Other observers have not observed this behaviour [17] , potentially because the behaviour pays off in a dense population around the nesting location [12].

Since the nests being robbed are close to the robbers’ nest she can reach a high provision velocity, sometimes even carrying two prey specimen at a time. The velocity may become to much for the owner who eventually abandons the nest [15].

The larva present in the robbed nest cell may be removed by the robber [15].

In this observation the nests being robbed were closed at most three days before by the owner [15].

Typically the robber waits until the owner has left the nest but accidental encounters may occur in which the owner is still present or surprises the robber with it’s return. During the ensuing skirmish the robber will try to sting the adversary with its stinger [15].

3. PLANT RELATIONS

3.1. WOOD TYPES

The following wood types are mentioned in literature as medium for the wasp to built her nests in:

Adoxaceae
(Moschatel family)

Sambucus (Elder) [4]
Anacardiaceae
(Cashew familye)

Rhus (Sumac) [4]
Betulaceae
(Birch family)

Alnus
Alnus incana (Grey alder) [6]

Corylus
Corylus avellana (Common hazel) [6]
Caprifoliaceae
(Honeysuckle family)

Symphoricarpos (Snowberry) [4]
Celastraceae
Euonymus (Spindle) [4]
Cornaceae [4]
(Kornoeljefamilie)

Cornus [4]
Fagaceae
Fagus
Fagus sylvatica (Beech) [6]
( in boreholes of Ptilinus pectinicornis )

Quercus (Oak) [4]
Quercus robur (English oak) [6]
Pinaceae
(Pine family)

Cedrus (Cedar) [4]

Picea
Picea abies (Norway spruce) [6]
Poaceae 
(Grasses) [4]

Arundo [4]

bamboo [4]
Rosaceae
(Rose family)

Rosa (Rose) [15]

Rubus (Blackberry) [17]
Sapindaceae
(Soapberry family)

Acer
Acer pseudoplatanus (Sycamore) [7]
(in drillholes of Xylosandrus (Coleoptera, Curculionidae))

Nests are made as well in pine bark, decayed wood and old lumber and beams [12]. Also galls are used [3,4], of the Chloropidae (Frit flies) genus Lipara [5,17 on Phragmites]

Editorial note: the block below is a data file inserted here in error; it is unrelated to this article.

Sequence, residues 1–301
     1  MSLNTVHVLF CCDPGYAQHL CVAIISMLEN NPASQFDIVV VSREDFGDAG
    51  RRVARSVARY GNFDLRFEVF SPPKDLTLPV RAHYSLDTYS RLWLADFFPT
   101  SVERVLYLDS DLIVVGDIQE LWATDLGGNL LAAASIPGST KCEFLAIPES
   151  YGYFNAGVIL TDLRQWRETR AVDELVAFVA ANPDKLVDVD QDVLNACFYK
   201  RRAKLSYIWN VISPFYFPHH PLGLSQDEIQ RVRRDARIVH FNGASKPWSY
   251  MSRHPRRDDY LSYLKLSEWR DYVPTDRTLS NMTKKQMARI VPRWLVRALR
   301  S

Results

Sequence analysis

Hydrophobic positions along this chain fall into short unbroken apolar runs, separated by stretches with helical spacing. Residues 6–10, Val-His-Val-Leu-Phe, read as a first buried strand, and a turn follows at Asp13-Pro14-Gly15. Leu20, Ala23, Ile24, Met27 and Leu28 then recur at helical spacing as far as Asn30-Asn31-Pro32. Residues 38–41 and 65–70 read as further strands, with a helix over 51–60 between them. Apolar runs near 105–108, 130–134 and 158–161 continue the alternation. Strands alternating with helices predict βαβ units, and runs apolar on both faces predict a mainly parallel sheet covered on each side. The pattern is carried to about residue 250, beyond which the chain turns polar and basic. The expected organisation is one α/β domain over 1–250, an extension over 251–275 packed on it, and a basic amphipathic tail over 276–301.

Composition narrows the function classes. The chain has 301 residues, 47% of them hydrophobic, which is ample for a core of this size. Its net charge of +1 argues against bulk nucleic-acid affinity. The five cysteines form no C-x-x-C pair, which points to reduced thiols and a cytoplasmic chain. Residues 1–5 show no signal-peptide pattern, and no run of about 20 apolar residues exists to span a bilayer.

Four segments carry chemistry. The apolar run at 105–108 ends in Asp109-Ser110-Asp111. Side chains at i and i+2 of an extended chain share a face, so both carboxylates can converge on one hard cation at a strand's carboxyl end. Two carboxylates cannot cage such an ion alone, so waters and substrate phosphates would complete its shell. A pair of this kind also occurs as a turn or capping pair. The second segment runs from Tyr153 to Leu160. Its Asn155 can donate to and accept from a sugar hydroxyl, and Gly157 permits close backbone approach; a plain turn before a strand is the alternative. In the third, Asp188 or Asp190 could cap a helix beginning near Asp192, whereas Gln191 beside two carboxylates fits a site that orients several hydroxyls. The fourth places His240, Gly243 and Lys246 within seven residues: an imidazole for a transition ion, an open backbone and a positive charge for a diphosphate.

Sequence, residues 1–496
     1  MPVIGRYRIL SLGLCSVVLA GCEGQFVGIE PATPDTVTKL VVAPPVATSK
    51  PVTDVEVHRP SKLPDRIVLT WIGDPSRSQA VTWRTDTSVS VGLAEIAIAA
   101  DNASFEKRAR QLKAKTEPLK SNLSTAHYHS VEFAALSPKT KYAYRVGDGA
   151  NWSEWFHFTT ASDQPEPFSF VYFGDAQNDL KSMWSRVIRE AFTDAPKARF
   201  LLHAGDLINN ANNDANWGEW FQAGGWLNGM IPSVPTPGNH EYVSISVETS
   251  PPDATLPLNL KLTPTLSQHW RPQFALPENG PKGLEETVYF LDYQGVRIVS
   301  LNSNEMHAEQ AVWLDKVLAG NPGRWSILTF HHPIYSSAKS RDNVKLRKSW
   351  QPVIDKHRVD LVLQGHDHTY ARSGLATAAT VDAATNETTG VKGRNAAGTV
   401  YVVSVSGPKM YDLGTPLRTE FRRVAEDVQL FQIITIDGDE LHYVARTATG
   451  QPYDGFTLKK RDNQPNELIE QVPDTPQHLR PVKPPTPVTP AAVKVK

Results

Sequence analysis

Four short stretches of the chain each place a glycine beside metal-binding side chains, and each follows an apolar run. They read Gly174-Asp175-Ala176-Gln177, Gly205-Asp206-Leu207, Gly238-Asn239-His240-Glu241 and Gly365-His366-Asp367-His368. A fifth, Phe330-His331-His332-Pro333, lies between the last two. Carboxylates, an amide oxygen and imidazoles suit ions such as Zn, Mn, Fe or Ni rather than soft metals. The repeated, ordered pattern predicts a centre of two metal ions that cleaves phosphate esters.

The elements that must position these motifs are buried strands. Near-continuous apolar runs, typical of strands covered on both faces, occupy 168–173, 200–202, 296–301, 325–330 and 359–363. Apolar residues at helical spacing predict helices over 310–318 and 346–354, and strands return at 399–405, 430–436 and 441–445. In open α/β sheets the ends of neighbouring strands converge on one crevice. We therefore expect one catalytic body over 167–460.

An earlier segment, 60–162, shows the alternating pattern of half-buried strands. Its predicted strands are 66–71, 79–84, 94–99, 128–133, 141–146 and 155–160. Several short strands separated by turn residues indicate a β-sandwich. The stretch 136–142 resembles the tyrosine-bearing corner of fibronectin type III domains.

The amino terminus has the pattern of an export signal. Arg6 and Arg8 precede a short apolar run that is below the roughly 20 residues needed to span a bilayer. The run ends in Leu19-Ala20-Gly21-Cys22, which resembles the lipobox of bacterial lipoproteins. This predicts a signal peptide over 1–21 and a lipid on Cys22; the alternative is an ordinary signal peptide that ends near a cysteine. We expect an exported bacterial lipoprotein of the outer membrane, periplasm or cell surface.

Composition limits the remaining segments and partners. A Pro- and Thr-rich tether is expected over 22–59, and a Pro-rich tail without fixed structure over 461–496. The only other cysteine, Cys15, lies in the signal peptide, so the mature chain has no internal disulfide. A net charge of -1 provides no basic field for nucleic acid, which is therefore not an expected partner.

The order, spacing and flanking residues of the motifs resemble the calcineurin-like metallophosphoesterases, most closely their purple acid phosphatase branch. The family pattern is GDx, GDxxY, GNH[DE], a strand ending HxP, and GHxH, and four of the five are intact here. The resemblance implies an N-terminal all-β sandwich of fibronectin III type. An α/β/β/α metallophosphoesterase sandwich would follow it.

The species collects resin from pine trees which is used for nest construction. The following tree species are mentioned in literature:

Pinaceae
(Pine family)

Pinus
Pinus nigra (Black pine) [15]
Pinus sylvestris (Scots pine) [15]

3.2. FOOD PLANTS

The following plant species are mentioned in literature as food sources:

Apiaceae [19]
(Umbellifers)
Asteraceae [5]
(Composite family)

Cirsium (Thistle)
Cirsium arvense (Creeping thistle) [5,17]

Solidago (Goldenrod) [5,8,17]
Crassulaceae
(Stonecrop family)

Sedum (Stonecrop) [5,8,17]

Male wasps lick honeydew from leafs [15]. Possibly females feed with aphids [15].

Garden species

The garden provides some of these food plants but I have not observed the species on it yet.

Apiaceae
(Umbellifers)

Foeniculum
Foeniculum vulgare (Fennel)

Pastinaca
Pastinaca sativa (Parsnip)
Asteraceae
(Composite family)

Solidago (Goldenrod)
Crassulaceae
(Stonecrop family)

Sedum (Stonecrop)

4. PREY RELATIONS

The species uses nymphs and adult [13] aphids (Aphidoidea) for her brood [3,5,9,12].

The following species and group occurring in the Netherlands [1] are mentioned in literature:

Aphidoidea (Aphids) [3,9,12]

5. PARASITIC RELATIONS

The following species and groups occurring in the Netherlands [1] are mentioned in literature:

Chalcidoidae
(Chalcid wasps)

Eurytomidae

Eurytoma
Eurytoma nodularis [3,17]
Chrysididae
(Cuckoo wasps)

Omalus *
– Omalus auratus [17,20]
Omalus aeneus [3,5,17,20]
Omalus puncticollis [5]

Trichrysis
Trichrysis cyanea [3]